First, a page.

Jurisdiction - Indonesia
Indonesia – Background Check Guidelines.
22 August, 2013

With more multinational companies setting up shop in Indonesia, the question of background checks is becoming increasingly important. So, what does Indonesian law allow when it comes to looking into a potential employer’s background?


There are no specific privacy or data protection requirements under Indonesian employment laws for employers who want to obtain criminal records, school records, employment or financial information. However, Indonesia has enacted various laws relating to data privacy in a number of areas.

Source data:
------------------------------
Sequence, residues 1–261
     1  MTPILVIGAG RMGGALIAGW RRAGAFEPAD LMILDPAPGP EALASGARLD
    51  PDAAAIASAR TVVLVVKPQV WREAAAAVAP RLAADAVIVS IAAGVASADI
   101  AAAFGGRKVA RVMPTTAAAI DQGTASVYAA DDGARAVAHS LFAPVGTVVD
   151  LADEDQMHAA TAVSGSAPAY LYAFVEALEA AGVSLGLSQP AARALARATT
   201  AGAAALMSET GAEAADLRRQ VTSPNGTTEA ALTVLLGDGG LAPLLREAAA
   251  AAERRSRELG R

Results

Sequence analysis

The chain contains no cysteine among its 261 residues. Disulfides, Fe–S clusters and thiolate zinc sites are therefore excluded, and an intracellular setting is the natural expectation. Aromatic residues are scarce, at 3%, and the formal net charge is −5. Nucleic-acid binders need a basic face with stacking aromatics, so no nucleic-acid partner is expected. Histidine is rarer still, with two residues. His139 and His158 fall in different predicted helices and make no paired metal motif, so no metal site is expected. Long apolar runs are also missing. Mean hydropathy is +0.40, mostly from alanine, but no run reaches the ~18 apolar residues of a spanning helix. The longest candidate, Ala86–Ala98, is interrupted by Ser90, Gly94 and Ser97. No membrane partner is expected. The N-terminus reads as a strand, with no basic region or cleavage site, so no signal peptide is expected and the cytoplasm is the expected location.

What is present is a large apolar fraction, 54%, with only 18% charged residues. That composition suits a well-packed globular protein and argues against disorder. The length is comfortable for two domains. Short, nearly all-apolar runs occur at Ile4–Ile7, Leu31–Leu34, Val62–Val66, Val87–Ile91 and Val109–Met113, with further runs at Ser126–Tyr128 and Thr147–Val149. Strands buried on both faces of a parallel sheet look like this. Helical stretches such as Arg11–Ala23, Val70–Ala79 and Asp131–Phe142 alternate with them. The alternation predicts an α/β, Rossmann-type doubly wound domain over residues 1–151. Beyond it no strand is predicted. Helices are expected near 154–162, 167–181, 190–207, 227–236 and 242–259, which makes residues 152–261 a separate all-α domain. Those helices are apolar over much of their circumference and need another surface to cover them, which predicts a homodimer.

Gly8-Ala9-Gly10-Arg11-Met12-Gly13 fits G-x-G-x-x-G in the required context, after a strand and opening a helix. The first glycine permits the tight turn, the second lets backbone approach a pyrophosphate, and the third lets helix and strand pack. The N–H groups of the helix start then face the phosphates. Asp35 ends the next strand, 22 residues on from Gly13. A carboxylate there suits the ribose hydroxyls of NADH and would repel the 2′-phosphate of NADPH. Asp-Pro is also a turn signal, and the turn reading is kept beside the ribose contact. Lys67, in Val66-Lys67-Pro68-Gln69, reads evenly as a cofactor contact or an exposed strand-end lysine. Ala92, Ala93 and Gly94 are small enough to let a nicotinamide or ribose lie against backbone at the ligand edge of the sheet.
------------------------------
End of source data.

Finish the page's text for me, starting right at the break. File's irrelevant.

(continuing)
Indonesian legal scholars often refer to Article 28G of the 1945 Constitution as the rather vague basis for more specific data privacy legislation. The article reads:


Each person shall have the right to protection of their personal selves, families, respect, dignity and possessions under their control and shall have the right to security and protection from threat of fear for doing or for not doing something which constitutes a human right.


More specifically, Law No. 11 of 2008 regarding Electronic Information and Transactions (“Law No. 11″) prohibits the transmission or use of the personal data of an individual through electronic media without the consent of such individual.


Handling Background Information